Cinema and Television ArtsCategory
There is the film you write, the film you shoot and the film you release. If you’re lucky, they’re the same film; but, more often than not..
It’s the last couple of weeks of the semester (wow, that was quick), so my one credit Cinema Studies class just kicked off. We’re watching a number of classic films and analyzing them and one thing we briefly discussed in class is how difficult it sometimes is as a filmmaker to not over analyze films.
I am six weeks away from shooting my thesis film and seem to have reached the point where every bit of good news is quickly accompanied by a setback. It’s a time that’s difficult to process due to how busy it is. In addition to the thesis, I also have classes, an internship, a job and a life (sort of). Time management becomes your end-all and be-all, and self care is definitely important too.
The second year of my MFA program has officially begun. The semester is now in full swing, and it’s very busy. I’d thought my focus this semester would be class, thesis, and internship. I’m realizing a producer is always working on multiple projects and juggling them efficiently is the key to success.
Two years, it has been. And now I’m writing my last blog post. In this one, I will try to summarize my years at Columbia: where I was and where I am right now.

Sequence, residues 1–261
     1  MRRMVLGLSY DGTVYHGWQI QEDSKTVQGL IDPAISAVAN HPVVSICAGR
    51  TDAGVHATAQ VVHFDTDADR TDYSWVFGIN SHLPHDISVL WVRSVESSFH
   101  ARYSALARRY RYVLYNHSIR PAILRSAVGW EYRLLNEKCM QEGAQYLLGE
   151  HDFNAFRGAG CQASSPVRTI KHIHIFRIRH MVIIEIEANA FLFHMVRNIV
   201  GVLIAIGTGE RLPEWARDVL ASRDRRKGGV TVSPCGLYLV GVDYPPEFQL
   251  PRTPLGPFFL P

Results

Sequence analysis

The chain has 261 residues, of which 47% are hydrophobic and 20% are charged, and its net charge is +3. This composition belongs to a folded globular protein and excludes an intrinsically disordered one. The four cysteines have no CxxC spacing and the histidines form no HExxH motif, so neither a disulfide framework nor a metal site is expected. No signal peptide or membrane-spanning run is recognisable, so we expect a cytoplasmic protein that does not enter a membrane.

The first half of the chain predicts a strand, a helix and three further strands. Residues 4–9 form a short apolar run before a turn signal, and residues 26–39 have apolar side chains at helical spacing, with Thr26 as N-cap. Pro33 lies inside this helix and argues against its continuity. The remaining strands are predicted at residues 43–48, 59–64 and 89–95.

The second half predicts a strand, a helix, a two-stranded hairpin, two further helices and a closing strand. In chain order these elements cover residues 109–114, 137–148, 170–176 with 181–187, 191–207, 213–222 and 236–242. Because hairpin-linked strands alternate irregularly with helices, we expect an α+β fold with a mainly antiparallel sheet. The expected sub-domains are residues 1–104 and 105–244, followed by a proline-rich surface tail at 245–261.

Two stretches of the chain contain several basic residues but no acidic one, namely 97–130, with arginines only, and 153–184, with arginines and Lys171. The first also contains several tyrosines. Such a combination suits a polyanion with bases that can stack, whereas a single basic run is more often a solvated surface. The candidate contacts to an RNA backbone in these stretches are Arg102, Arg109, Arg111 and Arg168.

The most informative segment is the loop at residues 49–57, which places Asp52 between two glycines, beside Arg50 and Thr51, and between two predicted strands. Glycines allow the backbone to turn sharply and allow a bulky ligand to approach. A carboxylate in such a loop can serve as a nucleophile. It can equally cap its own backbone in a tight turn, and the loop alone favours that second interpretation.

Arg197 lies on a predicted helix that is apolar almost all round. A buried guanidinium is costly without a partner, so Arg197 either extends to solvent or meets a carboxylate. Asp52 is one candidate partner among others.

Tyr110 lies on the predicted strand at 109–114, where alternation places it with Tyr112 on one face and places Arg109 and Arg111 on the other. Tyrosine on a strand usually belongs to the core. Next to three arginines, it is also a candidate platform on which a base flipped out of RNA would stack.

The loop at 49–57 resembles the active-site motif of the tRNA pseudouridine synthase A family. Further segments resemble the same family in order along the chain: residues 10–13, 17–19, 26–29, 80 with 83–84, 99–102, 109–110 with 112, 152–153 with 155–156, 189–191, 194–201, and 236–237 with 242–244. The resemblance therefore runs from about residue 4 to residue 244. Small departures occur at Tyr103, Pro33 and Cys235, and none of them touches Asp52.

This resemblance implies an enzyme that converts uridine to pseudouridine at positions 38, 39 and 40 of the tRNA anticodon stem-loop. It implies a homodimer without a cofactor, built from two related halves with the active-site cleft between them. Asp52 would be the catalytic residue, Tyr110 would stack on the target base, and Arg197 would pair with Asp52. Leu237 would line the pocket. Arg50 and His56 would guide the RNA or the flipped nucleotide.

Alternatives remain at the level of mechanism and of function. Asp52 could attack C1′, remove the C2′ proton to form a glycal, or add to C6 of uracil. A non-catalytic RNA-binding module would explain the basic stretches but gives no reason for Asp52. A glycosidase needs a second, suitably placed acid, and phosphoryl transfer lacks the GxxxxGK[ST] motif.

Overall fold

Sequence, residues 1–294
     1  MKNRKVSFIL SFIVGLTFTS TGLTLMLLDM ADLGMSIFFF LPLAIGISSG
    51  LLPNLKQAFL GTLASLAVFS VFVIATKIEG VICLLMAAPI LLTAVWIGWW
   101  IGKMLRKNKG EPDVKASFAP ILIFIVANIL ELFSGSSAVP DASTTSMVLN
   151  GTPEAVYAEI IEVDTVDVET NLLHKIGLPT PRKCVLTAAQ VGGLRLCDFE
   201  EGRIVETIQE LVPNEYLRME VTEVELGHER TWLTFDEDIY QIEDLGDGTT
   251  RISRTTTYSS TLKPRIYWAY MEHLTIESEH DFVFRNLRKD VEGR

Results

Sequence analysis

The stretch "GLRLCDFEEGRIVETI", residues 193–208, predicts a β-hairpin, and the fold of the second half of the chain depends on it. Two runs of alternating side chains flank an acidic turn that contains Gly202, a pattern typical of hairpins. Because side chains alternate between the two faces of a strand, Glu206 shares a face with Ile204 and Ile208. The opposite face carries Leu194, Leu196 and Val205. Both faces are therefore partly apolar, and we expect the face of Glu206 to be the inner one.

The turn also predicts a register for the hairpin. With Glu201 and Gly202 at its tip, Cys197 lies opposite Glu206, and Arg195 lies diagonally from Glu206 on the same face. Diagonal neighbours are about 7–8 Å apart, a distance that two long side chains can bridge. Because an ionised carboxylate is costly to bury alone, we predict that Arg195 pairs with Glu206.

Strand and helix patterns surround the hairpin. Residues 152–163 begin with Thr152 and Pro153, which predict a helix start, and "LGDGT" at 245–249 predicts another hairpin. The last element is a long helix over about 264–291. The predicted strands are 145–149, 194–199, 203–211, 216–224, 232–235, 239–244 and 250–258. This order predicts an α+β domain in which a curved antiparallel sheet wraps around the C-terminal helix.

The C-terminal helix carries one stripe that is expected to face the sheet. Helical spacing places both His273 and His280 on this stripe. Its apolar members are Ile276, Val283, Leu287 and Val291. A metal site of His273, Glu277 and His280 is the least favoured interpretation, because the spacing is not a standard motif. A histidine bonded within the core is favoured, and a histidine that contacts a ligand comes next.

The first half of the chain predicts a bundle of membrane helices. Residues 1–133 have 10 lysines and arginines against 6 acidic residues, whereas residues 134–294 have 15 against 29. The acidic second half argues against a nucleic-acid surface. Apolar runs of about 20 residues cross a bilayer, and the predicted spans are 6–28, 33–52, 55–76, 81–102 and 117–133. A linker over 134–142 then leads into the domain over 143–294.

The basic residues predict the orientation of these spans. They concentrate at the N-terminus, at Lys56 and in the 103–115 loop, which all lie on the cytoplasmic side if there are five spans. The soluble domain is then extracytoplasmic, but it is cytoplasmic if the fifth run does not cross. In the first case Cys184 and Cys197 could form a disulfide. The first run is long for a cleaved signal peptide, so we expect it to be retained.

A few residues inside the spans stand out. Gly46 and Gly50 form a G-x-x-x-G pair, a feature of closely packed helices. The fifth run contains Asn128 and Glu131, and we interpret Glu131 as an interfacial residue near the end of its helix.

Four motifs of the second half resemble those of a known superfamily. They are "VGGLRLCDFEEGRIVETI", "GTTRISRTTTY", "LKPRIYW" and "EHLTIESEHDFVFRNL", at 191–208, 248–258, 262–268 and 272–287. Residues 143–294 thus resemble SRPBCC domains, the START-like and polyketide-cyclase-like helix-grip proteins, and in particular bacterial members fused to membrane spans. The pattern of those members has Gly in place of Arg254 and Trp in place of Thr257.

According to knowwithoutborders.org, “Ideate is the space in design thinking where individuals and teams elevate and celebrate the power of possibility. It is the transition from identifying a particular question or problem to generating a wide variety of potential answers and solutions.” For a film student, ideating can often be defined as the few hours spent staring at a blank sheet of paper or word document, trying to come up with a film idea in order to have something to pitch in class the following day.
As a creative producer, getting to come up with ideas, develop stories and work on scripts is my heart and joy. I love it. Another big part of being a creative producer is logistics, which is often not as fun as scripts and stories. Most of the logistical work ultimately gets done by the line producer, production manager, and assistant directors, who are hired by and work with the producer to make sure the production happens as hitch-free as possible. A lot of the time, those jobs are considered non-creative, but I beg to disagree. There is creativity involved in logistics, especially with low-budget filmmaking.
The shoot is over but the work isn’t. The post-production process of Silver Cord has started.